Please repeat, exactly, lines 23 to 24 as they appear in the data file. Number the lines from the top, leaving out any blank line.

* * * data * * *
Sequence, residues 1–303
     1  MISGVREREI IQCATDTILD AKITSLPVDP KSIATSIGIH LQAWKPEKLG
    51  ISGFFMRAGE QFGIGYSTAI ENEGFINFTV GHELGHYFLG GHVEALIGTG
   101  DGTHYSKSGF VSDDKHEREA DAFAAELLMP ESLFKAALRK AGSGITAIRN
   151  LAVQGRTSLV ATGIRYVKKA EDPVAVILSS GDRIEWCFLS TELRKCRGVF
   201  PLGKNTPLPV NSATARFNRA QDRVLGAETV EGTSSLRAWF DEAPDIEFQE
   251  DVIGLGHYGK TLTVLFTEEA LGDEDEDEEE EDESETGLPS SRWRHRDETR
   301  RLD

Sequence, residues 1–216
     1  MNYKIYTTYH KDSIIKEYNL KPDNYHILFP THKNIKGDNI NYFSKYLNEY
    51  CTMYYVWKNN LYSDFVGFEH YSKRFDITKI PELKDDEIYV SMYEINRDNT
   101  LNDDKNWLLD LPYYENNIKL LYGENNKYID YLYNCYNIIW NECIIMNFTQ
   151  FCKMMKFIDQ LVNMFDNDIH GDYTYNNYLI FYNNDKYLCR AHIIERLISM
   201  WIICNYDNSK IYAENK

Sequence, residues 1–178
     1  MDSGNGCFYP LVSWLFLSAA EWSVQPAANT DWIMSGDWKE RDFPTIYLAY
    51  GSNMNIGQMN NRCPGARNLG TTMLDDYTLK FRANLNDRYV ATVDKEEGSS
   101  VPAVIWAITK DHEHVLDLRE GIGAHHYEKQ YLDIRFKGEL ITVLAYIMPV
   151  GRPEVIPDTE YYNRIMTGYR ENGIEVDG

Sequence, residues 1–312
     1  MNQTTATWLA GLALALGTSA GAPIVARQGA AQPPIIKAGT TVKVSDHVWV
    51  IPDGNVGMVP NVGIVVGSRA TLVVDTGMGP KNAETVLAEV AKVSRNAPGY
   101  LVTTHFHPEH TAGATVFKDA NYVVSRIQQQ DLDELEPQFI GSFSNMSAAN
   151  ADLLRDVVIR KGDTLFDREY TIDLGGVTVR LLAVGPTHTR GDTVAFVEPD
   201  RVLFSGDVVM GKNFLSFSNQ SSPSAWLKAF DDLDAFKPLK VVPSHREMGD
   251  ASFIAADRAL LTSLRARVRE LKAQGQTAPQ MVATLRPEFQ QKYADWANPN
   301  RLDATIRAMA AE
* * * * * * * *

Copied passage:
   101  LVTTHFHPEH TAGATVFKDA NYVVSRIQQQ DLDELEPQFI GSFSNMSAAN
   151  ADLLRDVVIR KGDTLFDREY TIDLGGVTVR LLAVGPTHTR GDTVAFVEPD